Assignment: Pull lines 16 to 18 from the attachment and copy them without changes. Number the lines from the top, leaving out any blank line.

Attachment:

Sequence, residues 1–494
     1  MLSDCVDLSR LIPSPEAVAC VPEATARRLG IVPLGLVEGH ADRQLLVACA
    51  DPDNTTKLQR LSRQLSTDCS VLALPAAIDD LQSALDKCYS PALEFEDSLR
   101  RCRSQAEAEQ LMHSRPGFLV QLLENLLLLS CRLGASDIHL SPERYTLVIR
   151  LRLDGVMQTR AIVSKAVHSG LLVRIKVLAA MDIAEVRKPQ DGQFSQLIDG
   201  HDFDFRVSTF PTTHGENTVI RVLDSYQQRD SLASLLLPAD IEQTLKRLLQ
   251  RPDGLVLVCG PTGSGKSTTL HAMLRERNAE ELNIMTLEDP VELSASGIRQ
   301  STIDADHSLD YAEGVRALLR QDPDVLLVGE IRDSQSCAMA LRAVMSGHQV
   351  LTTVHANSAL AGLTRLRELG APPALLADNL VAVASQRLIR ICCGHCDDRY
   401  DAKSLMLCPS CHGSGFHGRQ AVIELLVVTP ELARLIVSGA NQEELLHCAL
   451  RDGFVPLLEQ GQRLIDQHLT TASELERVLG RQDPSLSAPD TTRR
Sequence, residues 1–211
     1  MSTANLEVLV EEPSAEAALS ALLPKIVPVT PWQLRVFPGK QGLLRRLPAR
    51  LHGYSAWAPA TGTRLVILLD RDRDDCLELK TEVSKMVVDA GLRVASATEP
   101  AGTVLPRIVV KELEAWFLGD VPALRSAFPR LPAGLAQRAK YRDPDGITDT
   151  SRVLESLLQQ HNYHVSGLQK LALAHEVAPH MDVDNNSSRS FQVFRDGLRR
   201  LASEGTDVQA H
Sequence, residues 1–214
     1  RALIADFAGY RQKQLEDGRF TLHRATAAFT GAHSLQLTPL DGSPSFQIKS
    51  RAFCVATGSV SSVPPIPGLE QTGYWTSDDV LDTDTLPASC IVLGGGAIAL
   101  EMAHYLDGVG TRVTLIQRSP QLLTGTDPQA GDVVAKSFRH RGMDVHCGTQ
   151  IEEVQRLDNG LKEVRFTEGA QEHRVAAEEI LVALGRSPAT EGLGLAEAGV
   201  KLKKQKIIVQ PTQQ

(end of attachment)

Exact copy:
   151  SRVLESLLQQ HNYHVSGLQK LALAHEVAPH MDVDNNSSRS FQVFRDGLRR
   201  LASEGTDVQA H
Sequence, residues 1–214